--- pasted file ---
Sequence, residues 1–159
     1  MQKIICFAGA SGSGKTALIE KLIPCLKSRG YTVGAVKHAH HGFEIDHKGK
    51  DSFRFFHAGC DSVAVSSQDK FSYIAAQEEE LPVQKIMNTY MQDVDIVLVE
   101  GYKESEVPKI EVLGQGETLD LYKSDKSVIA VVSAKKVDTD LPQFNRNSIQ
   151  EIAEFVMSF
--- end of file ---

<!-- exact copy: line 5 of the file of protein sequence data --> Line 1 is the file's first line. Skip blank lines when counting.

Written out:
   151  EIAEFVMSF